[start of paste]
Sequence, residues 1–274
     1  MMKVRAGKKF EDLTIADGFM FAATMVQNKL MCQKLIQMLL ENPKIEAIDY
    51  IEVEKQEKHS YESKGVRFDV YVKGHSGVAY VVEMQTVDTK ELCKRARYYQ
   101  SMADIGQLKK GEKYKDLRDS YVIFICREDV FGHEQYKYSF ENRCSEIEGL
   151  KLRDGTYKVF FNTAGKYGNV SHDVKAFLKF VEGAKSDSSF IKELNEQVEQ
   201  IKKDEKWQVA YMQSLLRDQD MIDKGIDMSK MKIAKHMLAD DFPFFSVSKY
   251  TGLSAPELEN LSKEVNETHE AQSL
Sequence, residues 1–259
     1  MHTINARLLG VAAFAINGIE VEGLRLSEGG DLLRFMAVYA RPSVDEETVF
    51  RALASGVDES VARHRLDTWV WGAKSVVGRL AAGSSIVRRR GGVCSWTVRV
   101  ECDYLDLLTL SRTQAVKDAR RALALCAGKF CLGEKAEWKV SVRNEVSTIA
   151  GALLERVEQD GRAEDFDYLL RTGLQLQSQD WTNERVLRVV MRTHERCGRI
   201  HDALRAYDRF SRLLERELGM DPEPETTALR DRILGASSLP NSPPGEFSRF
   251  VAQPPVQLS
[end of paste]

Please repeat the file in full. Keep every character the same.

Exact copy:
Sequence, residues 1–274
     1  MMKVRAGKKF EDLTIADGFM FAATMVQNKL MCQKLIQMLL ENPKIEAIDY
    51  IEVEKQEKHS YESKGVRFDV YVKGHSGVAY VVEMQTVDTK ELCKRARYYQ
   101  SMADIGQLKK GEKYKDLRDS YVIFICREDV FGHEQYKYSF ENRCSEIEGL
   151  KLRDGTYKVF FNTAGKYGNV SHDVKAFLKF VEGAKSDSSF IKELNEQVEQ
   201  IKKDEKWQVA YMQSLLRDQD MIDKGIDMSK MKIAKHMLAD DFPFFSVSKY
   251  TGLSAPELEN LSKEVNETHE AQSL
Sequence, residues 1–259
     1  MHTINARLLG VAAFAINGIE VEGLRLSEGG DLLRFMAVYA RPSVDEETVF
    51  RALASGVDES VARHRLDTWV WGAKSVVGRL AAGSSIVRRR GGVCSWTVRV
   101  ECDYLDLLTL SRTQAVKDAR RALALCAGKF CLGEKAEWKV SVRNEVSTIA
   151  GALLERVEQD GRAEDFDYLL RTGLQLQSQD WTNERVLRVV MRTHERCGRI
   201  HDALRAYDRF SRLLERELGM DPEPETTALR DRILGASSLP NSPPGEFSRF
   251  VAQPPVQLS